South Korea honors Filipino veterans of Korean War

Defense Secretary Delfin Lorenzana, former President Fidel V. Ramos and South Korean Ambassador Han Dong-Man pay tribute to veterans of PEFTOK during the commemoration of the 68th anniversary of outbreak of the Korean War at Memorial Hall of the Philippines-Korea Friendship Center

Former President Fidel V. Ramos led the commemoration of the 68th anniversary of the outbreak of the Korean War with a short program honoring the surviving veterans of the Philippine Expeditionary Force to Korea.

The event, which was held at the PEFTOK Korean War Memorial Hall in Fort Bonifacio last June 24.

Joining the former President during the commemoration were South Korean Ambassador Han Dong-Man with Defense Secretary Delfin Lorenzana as guest of honor.

Former President Fidel V. Ramos views the roster of his PEFTOK unit, the 20th Battalion Combat Team. He was a lieutenant when he fought in the Korean War  


During the short program, Ramos thanked the South Korean government for putting up the PEFTOK War Memorial Hall.

“The South Korean government put up the facility,” Ramos said. “The AFP and the DND have been maintaining the facilities. The point is this: It is a product of teamwork. Teamwork in the United Nations, US, Philippines, South Korea and ASEAN (Association of Southeast Asian Nations). I was with the Southeast Asian team during the Korean War.”

Citing recent events, Ramos, who was a lieutenant when he fought in the Korean War, expressed hope that peace will finally be attained in the Korean Peninsula. The Korean War ended with an armistice, not a formal peace treaty.

“I hope this will all lead to the reunification of North and South Korea, the denuclearization of the Korean Peninsula,” he said.

For his part, the South Korean ambassador expressed his gratitude to the veterans of Korean War.

“They are all heroes,” Han emphasized.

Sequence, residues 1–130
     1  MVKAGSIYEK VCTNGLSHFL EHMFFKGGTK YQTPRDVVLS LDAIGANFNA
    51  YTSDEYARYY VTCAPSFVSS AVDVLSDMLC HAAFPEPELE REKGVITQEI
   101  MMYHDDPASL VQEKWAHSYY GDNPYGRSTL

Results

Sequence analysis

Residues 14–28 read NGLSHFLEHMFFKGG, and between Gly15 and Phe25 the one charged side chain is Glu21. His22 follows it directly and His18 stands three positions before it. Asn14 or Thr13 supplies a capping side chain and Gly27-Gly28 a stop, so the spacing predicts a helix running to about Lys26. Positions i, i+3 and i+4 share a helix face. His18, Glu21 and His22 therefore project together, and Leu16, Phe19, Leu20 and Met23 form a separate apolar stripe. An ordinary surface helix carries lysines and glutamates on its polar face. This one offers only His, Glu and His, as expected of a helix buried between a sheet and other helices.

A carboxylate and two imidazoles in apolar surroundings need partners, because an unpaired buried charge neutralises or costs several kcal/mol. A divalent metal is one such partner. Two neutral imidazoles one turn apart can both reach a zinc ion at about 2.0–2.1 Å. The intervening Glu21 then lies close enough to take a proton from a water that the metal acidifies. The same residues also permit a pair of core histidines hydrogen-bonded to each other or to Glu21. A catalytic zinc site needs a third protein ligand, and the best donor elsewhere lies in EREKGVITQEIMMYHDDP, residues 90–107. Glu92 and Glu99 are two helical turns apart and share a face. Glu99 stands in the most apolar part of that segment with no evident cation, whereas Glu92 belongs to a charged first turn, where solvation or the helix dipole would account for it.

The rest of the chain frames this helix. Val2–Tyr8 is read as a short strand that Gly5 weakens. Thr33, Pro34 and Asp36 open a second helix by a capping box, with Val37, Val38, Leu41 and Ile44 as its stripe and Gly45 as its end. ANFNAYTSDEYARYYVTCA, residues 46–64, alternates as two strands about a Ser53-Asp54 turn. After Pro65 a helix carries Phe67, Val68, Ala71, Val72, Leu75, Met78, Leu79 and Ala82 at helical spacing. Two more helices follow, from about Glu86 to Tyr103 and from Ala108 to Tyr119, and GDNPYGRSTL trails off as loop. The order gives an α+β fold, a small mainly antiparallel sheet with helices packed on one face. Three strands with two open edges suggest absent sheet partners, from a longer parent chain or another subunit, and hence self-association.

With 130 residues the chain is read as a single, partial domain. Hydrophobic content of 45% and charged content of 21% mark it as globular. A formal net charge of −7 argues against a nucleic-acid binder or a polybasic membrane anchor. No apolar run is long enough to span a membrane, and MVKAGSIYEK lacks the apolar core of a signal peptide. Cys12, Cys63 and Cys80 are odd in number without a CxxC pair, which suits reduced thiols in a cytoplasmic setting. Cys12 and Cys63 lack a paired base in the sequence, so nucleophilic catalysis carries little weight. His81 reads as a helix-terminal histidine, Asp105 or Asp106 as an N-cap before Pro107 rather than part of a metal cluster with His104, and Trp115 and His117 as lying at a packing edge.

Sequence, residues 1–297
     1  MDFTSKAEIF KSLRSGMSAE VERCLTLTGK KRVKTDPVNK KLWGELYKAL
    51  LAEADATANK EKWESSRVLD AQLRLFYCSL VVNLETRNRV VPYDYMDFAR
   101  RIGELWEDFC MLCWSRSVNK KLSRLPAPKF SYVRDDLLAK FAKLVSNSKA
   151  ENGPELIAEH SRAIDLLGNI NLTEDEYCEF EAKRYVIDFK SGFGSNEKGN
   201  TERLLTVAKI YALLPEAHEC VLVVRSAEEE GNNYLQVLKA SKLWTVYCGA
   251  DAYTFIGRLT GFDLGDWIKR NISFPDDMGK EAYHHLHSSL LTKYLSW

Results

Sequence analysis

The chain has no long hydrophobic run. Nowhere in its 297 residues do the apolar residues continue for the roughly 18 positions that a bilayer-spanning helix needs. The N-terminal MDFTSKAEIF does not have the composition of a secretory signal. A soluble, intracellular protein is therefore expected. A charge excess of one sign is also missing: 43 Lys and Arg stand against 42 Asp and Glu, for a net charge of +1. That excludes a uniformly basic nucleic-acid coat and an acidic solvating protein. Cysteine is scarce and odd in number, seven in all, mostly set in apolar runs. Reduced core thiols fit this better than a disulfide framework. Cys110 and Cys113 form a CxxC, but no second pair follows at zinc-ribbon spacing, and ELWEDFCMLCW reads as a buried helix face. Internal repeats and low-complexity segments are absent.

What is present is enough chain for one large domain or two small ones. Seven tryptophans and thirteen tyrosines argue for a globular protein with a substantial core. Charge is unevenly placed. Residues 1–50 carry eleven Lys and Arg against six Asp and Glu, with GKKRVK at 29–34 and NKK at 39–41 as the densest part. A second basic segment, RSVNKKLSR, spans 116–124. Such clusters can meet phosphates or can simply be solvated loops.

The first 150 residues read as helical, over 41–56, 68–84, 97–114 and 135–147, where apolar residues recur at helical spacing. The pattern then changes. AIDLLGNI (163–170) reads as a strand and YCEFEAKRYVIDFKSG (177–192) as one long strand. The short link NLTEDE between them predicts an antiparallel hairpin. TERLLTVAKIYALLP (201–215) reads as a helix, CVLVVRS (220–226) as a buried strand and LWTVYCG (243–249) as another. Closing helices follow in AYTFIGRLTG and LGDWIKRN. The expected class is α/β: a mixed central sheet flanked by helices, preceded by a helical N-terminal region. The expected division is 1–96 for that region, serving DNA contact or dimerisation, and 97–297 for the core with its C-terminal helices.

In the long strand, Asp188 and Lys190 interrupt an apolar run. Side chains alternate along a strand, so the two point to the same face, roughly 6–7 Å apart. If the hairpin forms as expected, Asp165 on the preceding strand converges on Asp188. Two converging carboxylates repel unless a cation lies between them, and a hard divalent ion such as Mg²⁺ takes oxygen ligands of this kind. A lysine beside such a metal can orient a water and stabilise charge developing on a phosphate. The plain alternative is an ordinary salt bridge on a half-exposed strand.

He also focused on the price paid to secure the independence of his country.

PEFTOK historical marker

“I noticed at the entrance of this museum the words ‘Freedom is not free,’” he said. “That is true. South Korea would not be enjoying democracy without the great sacrifice of the Filipino Korean War veterans.”

Defense Secretary Lorenzana also paid tribute to the Filipino veterans of the Korean War.

“We are gathered here today to commemorate the 68th anniversary of the Korean War and to remember the courage and gallantry shown in action by our PEFTOK veterans during that war,” Lorenzana said. “Unfortunately, this is one of the least mentioned episodes of our country’s history.”

“When South Korea was attacked by the North, I am proud to say that we Filipinos were the first among our Asian brothers to lend a helping hand to our Korean brethren,” Lorenzana added.

He noted that the PEFTOK was the fourth largest military contingent under the United Nations Command during the Korean War.

“This Memorial Hall where we stand today is a testament to valor and sacrifices of our PEFTOK soldiers,” the Defense Secretary said. “This was built by the South Korean government on land made available by the Defense department in appreciation for the gallant Filipino soldiers who volunteered to join the expeditionary force to South Korea from 1950 to 1955.”

A bust of the late President Elpidio Quirino at the PEFTOK Korean War Memorial Hall. It was under the Quirino administration when the Philippines established formal diplomatic relations with South Korea on March 3, 1949, becoming the first Asian country to do so. Quirino also risked personal loss during the Korean War when he sent his son, Lt. Tomas Quirino, as part of the PEFTOK contingent